The stress-induced leakage current (SILC) under Fowler- Nordheim (FN) stress can be used to estimate the trap creation in the bulk of gate oxide. Fig. 4 represents the variation of gate current for deuterium-implanted p-MOSFETs, and its value was compared with that of the hydrogen-implanted device. The ion range of hydrogen implantation was adjusted to the same level of deuterium implantation. The current was measured at the gate terminal while the gate voltage was being swept from 0 to 3
[Fig. 4.] Percentage variation of gate leakage current, between before and after a constant voltage stress (Vg=-3.5 V), for p-MOSFET’s implanted with hydrogen and deuterium, respectively. The ion ranges for both atoms were in the same value.
V after finishing the constant voltage stress (Vg=-3.5 V). The device with deuterium implantation showed a lower gate leakage current for the entire range of sweeping voltages. The generation of stress-related bulk-oxide traps, which is a cause for leakage current, is suppressed through the incorporation of deuterium. We can then infer that the isotope effect is valid in our suggested implantation method. Therefore, deuterium implantation could be used to improve reliability, if a suitable implant condition is obtained.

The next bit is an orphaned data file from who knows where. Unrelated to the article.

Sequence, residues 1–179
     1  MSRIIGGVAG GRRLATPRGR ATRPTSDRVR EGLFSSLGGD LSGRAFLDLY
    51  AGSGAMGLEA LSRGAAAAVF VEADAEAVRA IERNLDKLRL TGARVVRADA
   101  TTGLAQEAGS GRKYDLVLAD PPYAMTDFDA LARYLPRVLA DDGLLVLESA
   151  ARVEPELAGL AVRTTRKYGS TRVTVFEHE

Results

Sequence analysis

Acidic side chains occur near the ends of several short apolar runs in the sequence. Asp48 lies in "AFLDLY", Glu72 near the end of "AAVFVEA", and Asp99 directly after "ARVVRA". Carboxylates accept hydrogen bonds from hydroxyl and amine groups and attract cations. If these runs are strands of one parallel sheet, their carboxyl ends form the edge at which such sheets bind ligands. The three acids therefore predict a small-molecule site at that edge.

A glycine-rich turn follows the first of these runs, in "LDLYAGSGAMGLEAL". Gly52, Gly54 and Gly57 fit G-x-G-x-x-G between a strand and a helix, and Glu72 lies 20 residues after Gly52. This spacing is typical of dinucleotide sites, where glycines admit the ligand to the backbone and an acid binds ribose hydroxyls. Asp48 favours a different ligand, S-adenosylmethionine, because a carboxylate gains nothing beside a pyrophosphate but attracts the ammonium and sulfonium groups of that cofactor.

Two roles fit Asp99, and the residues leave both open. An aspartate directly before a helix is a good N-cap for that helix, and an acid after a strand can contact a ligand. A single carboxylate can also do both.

We have demonstrated that the incorporation of deuterium in the gate oxide using ion implantation in the back-end process is an effective means to improve oxide quality and may be a viable alternative to deuterium furnace annealing. Isotope effect between hydrogen-implanted and deuterium-implanted devices was also demonstrated. Deuterium implantation brings about a reliability enhancement by suppressing the HCI and NBTI degradations. The obtained results show that the oxide bulk and the oxide interface benefit from the implantation of deuterium by optimizing the ion range, the dose, the energy, and the following N2 annealing by adjusting annealing time. The deuterium isotope effect in MOS device appears only when oxide degradation is precipitated by energetic “hot” carriers. It means that the deuterium and the hydrogen bonds within the gate oxide interface are desorbed at the same rate by non-energetic channel carriers. Finally, we demonstrated the reliability enhancement for the deuterium- implanted device by explaining the interface reaction in HCI stress and the bulk reaction in NBTI stress, respectively.